image

One thing I left out of that post was a suggested framework for how to determine where a specific capability might actually fall, i.e. should it be considered a centralized capability or a decentralized capability?  As I was thinking about this, I realized that the framework proposed by Jeanne Ross, Peter Weill & David Robertson in their page turning EA book, Enterprise Architecture as Strategy, could be brought to bear on the discussion.

As I’ve mentioned before on this blog, they suggest reviewing architecture from the perspective of unified process and/or data.  Every capability should be reviewed by asking two simple questions:

  1. Do we need to centralize and standardize the process that each of the PMOs and EPMO follow?
  2. Do we need to centralize the data that each of the PMOs and EPMO generate and/or use?

Simply put, you can take each of the capabilities in the above chart and map it on the following 2 X 2:

image

After going through that exercise, that should give you a decent foundation upon which to allocate ownership of the various capabilities inherent in a PM system.

Applying Enterprise Architecture to an EPMO Process Framework

Deliverable Dashboards with SharePoint Workflow

A common request in project management is to be able to create a dashboard for each project that shows the status of specific defined deliverables that must be created.  For example, the project manager must be able to see that a SOW or proposal has been posted to the site.  The project manager must also post a status report to the project each week – or get flagged as being out of compliance.

image

In prior versions of SharePoint, this was typically performed through the use of custom code.  For this post, I decided to sit down and see if it could be done with a little SharePoint Designer workflow.  Turns out it wasn’t hard at all.

To create this solution, we’ll need:

  1. A custom SharePoint list for the dashboard
  2. A document library
  3. A couple custom content types
  4. One list workflow on the document library
  5. One site workflow on the dashboard list

Dashboard List

This is a simple list with a couple of fields:

image

Note that Status is a drop down with Red, Yellow, and Green as the available options.  (Red is the default).

I modified this list to add conditional formatting using SharePoint Designer 2010 as in this blog post.  It looks like SharePoint conditional formatting is being deprecated in 2013, so this is a bit of a hack where I had to install SPD2010 to get this to work.  I’d trust smarter folks than I to figure out a better way of sprucing up the dashboard – i.e. adding icons or leveraging some other method to create the conditional formatting.  For today’s post, this will do the job.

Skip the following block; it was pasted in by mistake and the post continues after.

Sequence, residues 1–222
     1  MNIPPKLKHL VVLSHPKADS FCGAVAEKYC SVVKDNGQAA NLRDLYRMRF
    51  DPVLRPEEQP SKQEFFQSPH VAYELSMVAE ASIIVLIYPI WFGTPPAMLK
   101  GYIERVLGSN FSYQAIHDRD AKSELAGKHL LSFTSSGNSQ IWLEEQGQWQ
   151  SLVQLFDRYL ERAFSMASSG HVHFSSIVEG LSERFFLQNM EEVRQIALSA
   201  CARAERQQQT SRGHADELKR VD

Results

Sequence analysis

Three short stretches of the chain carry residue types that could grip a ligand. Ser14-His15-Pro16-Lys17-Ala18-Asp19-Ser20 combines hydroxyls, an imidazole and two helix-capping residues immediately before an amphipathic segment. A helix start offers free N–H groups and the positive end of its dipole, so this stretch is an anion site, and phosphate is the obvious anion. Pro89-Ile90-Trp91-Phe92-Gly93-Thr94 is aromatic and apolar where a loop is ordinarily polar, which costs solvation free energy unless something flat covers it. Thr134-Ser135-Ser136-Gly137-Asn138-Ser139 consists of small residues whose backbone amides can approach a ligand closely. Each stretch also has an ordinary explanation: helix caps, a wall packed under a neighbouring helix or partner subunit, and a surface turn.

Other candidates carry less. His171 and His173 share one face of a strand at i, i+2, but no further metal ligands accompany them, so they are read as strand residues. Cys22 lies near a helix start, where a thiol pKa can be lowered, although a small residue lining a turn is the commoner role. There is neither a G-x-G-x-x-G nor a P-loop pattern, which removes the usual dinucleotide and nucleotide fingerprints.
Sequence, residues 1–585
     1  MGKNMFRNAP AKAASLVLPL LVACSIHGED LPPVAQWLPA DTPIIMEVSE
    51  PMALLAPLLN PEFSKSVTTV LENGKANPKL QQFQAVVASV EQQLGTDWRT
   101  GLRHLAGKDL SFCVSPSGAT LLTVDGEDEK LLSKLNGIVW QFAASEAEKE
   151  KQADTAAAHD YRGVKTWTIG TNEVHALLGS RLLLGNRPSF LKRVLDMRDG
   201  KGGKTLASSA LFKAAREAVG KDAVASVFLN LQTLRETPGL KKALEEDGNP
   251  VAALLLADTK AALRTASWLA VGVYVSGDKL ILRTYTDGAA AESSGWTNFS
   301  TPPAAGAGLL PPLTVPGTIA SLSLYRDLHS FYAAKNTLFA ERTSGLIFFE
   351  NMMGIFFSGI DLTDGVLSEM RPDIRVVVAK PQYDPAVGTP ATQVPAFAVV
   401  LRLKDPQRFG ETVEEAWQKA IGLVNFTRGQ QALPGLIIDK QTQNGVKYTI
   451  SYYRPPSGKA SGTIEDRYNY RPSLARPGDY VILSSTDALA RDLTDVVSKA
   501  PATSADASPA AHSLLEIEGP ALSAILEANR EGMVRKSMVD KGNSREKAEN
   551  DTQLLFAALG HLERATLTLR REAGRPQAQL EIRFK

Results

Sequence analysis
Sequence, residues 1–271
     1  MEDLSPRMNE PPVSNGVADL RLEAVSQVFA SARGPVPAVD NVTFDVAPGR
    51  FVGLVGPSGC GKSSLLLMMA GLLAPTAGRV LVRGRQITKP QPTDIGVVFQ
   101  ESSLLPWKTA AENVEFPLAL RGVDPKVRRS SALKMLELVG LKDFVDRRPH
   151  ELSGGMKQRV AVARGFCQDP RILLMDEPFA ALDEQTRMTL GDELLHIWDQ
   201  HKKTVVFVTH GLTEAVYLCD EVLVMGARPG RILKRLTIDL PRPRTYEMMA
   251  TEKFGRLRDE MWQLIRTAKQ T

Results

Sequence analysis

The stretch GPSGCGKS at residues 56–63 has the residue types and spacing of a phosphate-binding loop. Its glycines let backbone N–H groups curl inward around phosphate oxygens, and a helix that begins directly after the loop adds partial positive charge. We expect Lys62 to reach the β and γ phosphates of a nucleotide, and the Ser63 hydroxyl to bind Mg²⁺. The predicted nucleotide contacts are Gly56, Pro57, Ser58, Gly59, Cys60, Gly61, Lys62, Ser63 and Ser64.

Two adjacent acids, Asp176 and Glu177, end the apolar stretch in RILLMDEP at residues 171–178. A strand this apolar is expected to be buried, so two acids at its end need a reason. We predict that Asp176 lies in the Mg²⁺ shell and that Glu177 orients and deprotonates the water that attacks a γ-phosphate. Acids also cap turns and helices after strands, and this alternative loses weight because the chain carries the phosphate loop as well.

image

Add list items to your list for each deliverable you will be tracking.  I used the same names as the content type in the document library to facilitate the workflow finding the correct item to update.

Document Library

For the document library, I added a couple of content types and an Approved field.

image

Dashboard Update Workflow

I then created a simple workflow on the document library.  This is set to trigger whenever a document is created or modified.

image

Adding some additional detail to the picture above:

  1. Line 1 picks up the UID (as a string) of the dashboard item corresponding to the content type of the document in the document library.  This allows some minimal error handling by skipping the items that will throw an error if it can’t find a dashboard entry corresponding to the document content type.
  2. Line 3 establishes the URL of the document in order to populate that in the document dashboard – so the user can click directly from the dashboard to the document.
  3. The if….then clauses flag the dashboard item as green or yellow depending on if the document has actually been approved.

Here’s a shot of the step that updates the dashboard item.  (This is for approved documents.  The other one will flag the item as yellow.)  Note I’m copying the Last Modified date into the dashboard Updated field.

image

That will update our dashboard list per our requirements.  One more quick item, and we’re good.

Status Report Monitoring Workflow

For the final step, I want to add a bit of logic to flag the status update column yellow if no status update has been posted in the last week.  To do this, I’ll create a site workflow that will wake up every 24 hours, check to see if a new status update has been posted, and flag the item as yellow if it’s been a week since the last update.

That workflow looks like this (if anyone can suggest a better way to present SPD workflow in a blog post that’s not too tedious, let me know.)

image

More detail:

  1. Line 1 is pickup up the GUID for the status report item in the dashboard list.
  2. I’m basically picking up the Updated date, adding 7 days, then comparing it to today’s date to determine if the item must be shifted from green to yellow.

And there you have it…one compliance dashboard.  If anyone has suggestions on how to clean up the look and feel of the dashboard itself, feel free to post in the comments section.

image

image

Deliverable Dashboards with SharePoint Workflow